Is Ji Shi Teng 鸡屎藤 (a Chinese fever vine herb) able to ward off evil spirits? According to the older generation (like my mum and some of my older relatives), they all truly believe so! I first came across this Ji Shi Teng via listening to Mr Zhou’s Ghost Stories podcast on 13th May 2022.
Mr Zhou mentioned that his neighbour’s child was crying for ages so his mum went over to help out her neighbour. No matter how hard they tried to soothe the child, nothing could be done. So the elderly believed that it must be evil spirits surrounding the baby and ‘they’ were trying to scare the baby. Hence, someone instructed her (Mr Zhou’s mum, who took him along with her) to look for Ji Shi Teng. Then a small portion of the plant was placed near the baby’s pillow/toy (inside the yao lan/baby hammock). This plant gave out an awful smell and within a few hours, the baby stopped crying. It was said that due to the smell, this plant was able to ward off evil spirits. Do you believe this superstition? I do know that I can smell it from afar (bought it from fresh) and it was quite a strong woody smell!
My mum mentioned to me that my younger cousin used to cry for many hours of the day. She was not ill and didn’t have colic. Her mum was told by her elderly mum to find Ji Shi Teng. She then wrapped a small portion of the plant vines around my cousin’s limbs (her wrists and ankles). Soon after, my cousin did not cry any more. Do you think this was a coincidence or do the plants have a special power?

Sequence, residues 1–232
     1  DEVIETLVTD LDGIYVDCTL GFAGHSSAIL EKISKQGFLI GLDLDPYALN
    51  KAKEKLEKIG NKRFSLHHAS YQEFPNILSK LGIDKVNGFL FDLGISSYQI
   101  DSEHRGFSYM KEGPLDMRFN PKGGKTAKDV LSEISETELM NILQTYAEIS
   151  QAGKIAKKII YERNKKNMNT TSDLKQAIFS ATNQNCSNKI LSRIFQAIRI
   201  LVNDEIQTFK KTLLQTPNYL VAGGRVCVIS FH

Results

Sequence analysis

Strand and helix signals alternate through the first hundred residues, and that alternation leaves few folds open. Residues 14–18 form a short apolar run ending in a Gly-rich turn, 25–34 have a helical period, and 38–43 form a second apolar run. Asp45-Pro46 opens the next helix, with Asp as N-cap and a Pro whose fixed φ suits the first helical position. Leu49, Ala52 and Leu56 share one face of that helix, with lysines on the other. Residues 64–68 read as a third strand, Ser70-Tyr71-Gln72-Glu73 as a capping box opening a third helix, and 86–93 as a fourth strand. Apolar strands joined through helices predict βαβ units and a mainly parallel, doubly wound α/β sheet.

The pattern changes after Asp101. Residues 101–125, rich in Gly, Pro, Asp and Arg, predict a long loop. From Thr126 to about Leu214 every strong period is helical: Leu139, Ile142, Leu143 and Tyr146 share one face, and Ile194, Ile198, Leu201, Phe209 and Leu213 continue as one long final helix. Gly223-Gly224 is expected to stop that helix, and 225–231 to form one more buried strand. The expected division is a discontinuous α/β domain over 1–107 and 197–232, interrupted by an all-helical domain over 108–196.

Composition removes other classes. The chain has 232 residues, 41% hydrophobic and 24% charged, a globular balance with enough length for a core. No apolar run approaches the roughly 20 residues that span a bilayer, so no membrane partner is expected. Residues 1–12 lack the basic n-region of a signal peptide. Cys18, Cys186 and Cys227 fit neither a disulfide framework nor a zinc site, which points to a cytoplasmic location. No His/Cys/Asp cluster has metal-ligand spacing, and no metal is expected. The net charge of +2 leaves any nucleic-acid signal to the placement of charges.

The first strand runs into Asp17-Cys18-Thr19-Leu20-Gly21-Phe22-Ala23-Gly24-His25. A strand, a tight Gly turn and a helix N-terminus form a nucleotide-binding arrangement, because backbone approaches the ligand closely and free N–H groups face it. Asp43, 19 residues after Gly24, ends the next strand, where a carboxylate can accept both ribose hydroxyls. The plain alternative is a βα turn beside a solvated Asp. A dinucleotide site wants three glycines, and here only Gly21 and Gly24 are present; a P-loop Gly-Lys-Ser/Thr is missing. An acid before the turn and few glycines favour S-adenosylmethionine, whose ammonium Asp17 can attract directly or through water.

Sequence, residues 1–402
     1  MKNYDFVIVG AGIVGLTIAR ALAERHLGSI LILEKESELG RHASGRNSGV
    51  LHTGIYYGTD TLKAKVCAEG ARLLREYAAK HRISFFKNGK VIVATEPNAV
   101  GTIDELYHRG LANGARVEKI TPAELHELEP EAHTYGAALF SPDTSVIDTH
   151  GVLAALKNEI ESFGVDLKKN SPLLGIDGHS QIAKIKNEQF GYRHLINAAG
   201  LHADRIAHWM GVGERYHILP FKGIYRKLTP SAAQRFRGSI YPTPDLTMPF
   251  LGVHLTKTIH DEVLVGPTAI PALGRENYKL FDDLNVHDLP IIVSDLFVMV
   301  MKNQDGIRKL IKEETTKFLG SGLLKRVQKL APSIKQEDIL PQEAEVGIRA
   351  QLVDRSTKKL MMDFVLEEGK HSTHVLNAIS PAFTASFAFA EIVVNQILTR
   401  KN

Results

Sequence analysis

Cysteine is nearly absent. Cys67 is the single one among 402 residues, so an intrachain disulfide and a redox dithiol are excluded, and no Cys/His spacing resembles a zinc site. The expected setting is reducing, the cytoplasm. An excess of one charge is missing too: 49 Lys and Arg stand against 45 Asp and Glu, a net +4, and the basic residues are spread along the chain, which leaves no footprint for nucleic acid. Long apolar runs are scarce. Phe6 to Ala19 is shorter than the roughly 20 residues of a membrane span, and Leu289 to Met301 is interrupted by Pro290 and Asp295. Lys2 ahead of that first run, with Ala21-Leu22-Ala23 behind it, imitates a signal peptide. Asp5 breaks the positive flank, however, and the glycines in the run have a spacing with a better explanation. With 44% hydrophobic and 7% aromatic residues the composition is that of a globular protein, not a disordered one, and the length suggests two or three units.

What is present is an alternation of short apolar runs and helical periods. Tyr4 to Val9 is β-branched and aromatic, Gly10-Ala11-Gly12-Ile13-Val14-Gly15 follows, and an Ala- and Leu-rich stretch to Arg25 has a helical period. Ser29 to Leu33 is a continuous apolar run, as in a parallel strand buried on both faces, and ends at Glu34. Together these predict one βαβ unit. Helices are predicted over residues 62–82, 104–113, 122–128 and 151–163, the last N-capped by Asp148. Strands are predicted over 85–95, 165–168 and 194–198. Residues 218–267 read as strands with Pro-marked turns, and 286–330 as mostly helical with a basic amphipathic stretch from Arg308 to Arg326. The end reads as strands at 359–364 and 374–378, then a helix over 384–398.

My mum said that once the plants dropped off from the child, the plant should never be worn back. Always get a fresh one to wrap the child for protection.
This is an example of how it was supposed to wrap on an ankle, according to my mum, demonstrated by myself.
Back in the 80s and 90s, Ji Shi Teng, a climber plant can be found in many undeveloped green places in Singapore. It was grown freely and many knowledgeable people (older generation elderly) will know where to find it and how to use it. Some people will use the Ji Shi Teng to grind into liquid form to add into their Kuih (Chinese steamed cakes) like how people use pandan leaves to make pandan extract or coconut to make a kaya-flavoured paste. They said this herb was good for the body. My aunty told me that some people will boil it in a big pot of water to help relieve pain from arthritis by bathing with the water. There are so many uses for this Chinese herb. Please remember that I am not an expert on Traditional Chinese Medicine (TCM), so ask an expert before proceeding to use it.
As for these days, if you are looking for Ji Shi Teng, you can buy it fresh or dried from Chinatown TCM shops, in Singapore, if you know how to use it!
Do you know how to identify Ji Shi Teng? According to my mum, it is a climber plant and it has two leaves on each stem. To be honest, I would have no clue even if I saw it with my own eyes. It is not easy to identify. What do you think of this herb? Do you believe it will ward off evil spirits?